Ways to Combat the Issue
This does not conclude that initiatives to become more sustainable, inclusive, ethical etc. are bad. On the contrary, they are essential steps to be made towards an honest business world. The problem lies in the lack of transparency of the industries and the lack of research from the public. It is necessary for companies not to glorify their campaigns for profit, but to advertise their initiatives honestly and clearly. Patagonia is a brand that has put this to practice. They not only incorporate sustainability as a core practice in their products’ lines, but also actively participate in the Fair Labor Association and make sure their workers are paid a living wage. Patagonia’s founder, Yvon Chouinard, has also launched the ‘1% For The Planet’ initiative, where 1% of the company’s sales are donated to the preservation and restoration of the environment. They call themselves ‘responsible’ and have statistics and details concerning all their procedures from materials and electricity usage, to where they do business and their social awareness programs. They are proof that it is possible to produce high-quality products without harming the environment or the employees involved, while being 100% transparent about it.
Sometimes industries have not done the necessary research themselves, regarding the impact an initiative is going to have on the environment or society as a whole. In this case they need to be more thorough before their announcement and marketing ploys that count on the consumers’ conscience to live sustainably. As for the consumers, they should be more informed and conscious about the companies they choose to support and their influence on the world. For example, Coca-Cola may claim they will make their packaging more sustainable and recycle their bottles, but people should not forget that they have been the world’s no.1 plastic polluter for the past 5 years in a row.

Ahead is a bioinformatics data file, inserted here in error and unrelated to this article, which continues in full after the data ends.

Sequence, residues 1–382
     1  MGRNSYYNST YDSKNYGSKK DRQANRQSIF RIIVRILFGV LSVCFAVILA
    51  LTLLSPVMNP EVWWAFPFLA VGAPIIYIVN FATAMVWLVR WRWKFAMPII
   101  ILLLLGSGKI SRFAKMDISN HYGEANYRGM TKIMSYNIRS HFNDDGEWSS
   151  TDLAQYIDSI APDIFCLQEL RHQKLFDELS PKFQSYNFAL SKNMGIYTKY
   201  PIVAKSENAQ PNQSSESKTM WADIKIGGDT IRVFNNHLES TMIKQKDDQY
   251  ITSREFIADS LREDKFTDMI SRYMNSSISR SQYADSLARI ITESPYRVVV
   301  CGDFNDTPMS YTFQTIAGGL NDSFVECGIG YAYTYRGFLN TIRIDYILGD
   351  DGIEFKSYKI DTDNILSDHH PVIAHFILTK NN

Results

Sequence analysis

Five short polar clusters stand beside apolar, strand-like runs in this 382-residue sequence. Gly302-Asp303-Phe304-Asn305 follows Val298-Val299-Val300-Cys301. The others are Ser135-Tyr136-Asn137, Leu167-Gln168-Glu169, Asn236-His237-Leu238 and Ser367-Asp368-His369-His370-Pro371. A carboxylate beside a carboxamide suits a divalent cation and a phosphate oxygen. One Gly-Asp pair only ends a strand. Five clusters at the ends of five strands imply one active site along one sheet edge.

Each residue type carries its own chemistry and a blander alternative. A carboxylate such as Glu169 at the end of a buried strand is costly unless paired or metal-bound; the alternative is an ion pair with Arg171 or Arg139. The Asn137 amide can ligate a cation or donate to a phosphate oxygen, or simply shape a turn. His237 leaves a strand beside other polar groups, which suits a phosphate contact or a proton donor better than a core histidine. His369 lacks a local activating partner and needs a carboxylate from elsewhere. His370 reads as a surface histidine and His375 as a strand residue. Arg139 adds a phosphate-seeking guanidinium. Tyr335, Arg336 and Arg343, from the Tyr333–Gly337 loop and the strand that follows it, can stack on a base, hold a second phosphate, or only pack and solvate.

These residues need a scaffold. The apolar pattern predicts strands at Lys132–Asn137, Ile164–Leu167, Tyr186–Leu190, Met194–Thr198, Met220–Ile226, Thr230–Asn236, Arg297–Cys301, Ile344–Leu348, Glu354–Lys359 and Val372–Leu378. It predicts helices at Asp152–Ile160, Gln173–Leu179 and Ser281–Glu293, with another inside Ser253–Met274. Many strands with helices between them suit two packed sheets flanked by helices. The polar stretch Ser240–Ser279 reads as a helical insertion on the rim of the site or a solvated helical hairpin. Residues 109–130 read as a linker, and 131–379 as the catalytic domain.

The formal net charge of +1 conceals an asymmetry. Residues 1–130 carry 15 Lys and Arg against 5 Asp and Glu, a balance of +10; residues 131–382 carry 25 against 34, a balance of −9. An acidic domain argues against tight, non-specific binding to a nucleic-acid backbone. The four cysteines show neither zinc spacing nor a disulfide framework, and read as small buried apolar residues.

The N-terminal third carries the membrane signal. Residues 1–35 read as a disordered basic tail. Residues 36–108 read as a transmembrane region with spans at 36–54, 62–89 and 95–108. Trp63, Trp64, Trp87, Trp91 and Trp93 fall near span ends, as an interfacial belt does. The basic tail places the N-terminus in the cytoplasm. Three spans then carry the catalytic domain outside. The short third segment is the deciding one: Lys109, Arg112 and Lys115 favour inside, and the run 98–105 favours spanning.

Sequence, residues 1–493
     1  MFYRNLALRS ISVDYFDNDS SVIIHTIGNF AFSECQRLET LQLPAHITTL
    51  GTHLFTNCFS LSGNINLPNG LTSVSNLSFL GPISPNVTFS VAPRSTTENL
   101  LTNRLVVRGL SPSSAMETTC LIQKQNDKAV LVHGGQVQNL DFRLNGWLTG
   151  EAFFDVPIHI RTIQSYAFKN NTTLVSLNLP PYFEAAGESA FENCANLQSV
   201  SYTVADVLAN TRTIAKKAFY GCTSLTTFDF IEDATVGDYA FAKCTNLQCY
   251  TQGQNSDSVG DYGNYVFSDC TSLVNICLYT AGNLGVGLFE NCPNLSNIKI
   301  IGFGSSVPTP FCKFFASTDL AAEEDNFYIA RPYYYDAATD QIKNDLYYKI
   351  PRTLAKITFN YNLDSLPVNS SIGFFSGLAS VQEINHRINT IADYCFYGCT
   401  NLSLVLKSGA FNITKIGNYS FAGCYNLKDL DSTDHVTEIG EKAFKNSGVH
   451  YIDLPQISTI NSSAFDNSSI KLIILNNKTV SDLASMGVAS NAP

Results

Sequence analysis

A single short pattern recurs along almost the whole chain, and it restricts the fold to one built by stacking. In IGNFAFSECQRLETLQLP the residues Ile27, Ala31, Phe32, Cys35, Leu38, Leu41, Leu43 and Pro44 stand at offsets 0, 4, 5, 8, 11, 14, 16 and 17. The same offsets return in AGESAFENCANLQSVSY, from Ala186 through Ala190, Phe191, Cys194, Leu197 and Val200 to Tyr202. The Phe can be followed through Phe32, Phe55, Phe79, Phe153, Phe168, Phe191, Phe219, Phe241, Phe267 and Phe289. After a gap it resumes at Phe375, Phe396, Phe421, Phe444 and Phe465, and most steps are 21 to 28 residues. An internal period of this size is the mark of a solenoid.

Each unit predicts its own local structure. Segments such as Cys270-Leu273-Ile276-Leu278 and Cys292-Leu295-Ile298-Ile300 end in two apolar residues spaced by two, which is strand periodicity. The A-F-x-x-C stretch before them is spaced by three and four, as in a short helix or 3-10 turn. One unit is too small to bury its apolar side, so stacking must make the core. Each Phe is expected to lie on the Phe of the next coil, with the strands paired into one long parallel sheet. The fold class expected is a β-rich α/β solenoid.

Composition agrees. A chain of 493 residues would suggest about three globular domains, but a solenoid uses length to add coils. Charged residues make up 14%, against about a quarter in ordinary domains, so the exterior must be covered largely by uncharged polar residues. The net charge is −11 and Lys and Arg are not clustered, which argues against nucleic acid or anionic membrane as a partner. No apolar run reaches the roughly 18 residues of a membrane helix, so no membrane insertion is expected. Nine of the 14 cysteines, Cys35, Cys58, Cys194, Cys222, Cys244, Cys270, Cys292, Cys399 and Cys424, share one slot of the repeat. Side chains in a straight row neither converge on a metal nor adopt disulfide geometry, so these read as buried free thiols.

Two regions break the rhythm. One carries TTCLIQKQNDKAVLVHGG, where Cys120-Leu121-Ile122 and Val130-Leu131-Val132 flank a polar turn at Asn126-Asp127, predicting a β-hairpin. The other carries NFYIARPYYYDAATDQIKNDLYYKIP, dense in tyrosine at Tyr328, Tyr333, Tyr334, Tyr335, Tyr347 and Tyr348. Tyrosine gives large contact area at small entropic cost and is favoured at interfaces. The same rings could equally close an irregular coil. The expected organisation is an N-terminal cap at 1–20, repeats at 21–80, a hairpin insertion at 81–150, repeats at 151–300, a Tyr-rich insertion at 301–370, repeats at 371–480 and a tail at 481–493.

Further action should be taken by governments and international organisations, in implementing regulations on the issues of Greenwashing, Pinkwashing, and especially when it comes to fair labour and human rights in the workplace. The Fair Labor Association is an organisation that provides education and evaluation programs for companies, to improve working conditions for their employees. Its numerous members include: universities, companies and civil society organisations.
Another exciting development is the Intergovernmental Negotiating Committee (INC) on Plastic Pollution that strives to develop an international legally binding instrument for plastic pollution. This involves the marine environment, with delegates hopefully numbered from 147 countries by the end of 2024. The goal is for this instrument to address the full-life cycle, sustainable production and consumption of plastics.
On the whole, today’s marketing world is a combination of the digital age where people are constantly bombarded with information and the capitalist economic model that encourages each industry’s goal to profit. This combination makes false or misleading advertisements appealing and easy considering that people do not have the time nor the desire to research every company’s code of ethics. As a result, it is very important to apply critical thinking and hold companies accountable for their actions, but also applaud any steps towards an inclusive and environmentally conscious world.
Written by Despina Zacharopoulou